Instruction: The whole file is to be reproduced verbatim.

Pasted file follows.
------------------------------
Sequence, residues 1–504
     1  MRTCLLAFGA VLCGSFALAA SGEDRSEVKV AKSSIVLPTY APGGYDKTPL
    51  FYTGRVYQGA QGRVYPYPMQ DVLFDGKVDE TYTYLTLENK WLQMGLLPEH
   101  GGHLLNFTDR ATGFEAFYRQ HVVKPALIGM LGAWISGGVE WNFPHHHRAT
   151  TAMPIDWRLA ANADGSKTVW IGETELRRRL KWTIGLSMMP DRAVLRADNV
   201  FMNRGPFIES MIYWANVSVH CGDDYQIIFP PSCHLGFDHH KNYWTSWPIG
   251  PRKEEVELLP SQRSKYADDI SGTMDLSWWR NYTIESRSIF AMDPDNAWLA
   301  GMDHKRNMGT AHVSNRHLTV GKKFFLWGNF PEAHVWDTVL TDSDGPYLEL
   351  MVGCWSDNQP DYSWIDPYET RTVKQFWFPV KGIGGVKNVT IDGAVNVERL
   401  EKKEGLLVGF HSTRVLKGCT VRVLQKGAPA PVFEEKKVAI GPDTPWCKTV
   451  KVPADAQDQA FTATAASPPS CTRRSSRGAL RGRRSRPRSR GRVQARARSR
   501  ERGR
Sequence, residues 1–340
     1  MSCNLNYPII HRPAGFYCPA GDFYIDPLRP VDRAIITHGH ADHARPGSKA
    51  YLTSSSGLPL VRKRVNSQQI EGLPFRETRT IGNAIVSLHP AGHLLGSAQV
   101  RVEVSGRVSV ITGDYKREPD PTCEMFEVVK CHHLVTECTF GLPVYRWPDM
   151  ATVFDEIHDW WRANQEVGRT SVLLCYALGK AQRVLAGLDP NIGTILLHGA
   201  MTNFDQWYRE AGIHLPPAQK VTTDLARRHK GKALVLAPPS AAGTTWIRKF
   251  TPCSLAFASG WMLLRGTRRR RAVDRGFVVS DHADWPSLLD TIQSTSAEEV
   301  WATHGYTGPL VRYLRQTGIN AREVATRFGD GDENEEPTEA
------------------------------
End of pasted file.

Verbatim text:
Sequence, residues 1–504
     1  MRTCLLAFGA VLCGSFALAA SGEDRSEVKV AKSSIVLPTY APGGYDKTPL
    51  FYTGRVYQGA QGRVYPYPMQ DVLFDGKVDE TYTYLTLENK WLQMGLLPEH
   101  GGHLLNFTDR ATGFEAFYRQ HVVKPALIGM LGAWISGGVE WNFPHHHRAT
   151  TAMPIDWRLA ANADGSKTVW IGETELRRRL KWTIGLSMMP DRAVLRADNV
   201  FMNRGPFIES MIYWANVSVH CGDDYQIIFP PSCHLGFDHH KNYWTSWPIG
   251  PRKEEVELLP SQRSKYADDI SGTMDLSWWR NYTIESRSIF AMDPDNAWLA
   301  GMDHKRNMGT AHVSNRHLTV GKKFFLWGNF PEAHVWDTVL TDSDGPYLEL
   351  MVGCWSDNQP DYSWIDPYET RTVKQFWFPV KGIGGVKNVT IDGAVNVERL
   401  EKKEGLLVGF HSTRVLKGCT VRVLQKGAPA PVFEEKKVAI GPDTPWCKTV
   451  KVPADAQDQA FTATAASPPS CTRRSSRGAL RGRRSRPRSR GRVQARARSR
   501  ERGR
Sequence, residues 1–340
     1  MSCNLNYPII HRPAGFYCPA GDFYIDPLRP VDRAIITHGH ADHARPGSKA
    51  YLTSSSGLPL VRKRVNSQQI EGLPFRETRT IGNAIVSLHP AGHLLGSAQV
   101  RVEVSGRVSV ITGDYKREPD PTCEMFEVVK CHHLVTECTF GLPVYRWPDM
   151  ATVFDEIHDW WRANQEVGRT SVLLCYALGK AQRVLAGLDP NIGTILLHGA
   201  MTNFDQWYRE AGIHLPPAQK VTTDLARRHK GKALVLAPPS AAGTTWIRKF
   251  TPCSLAFASG WMLLRGTRRR RAVDRGFVVS DHADWPSLLD TIQSTSAEEV
   301  WATHGYTGPL VRYLRQTGIN AREVATRFGD GDENEEPTEA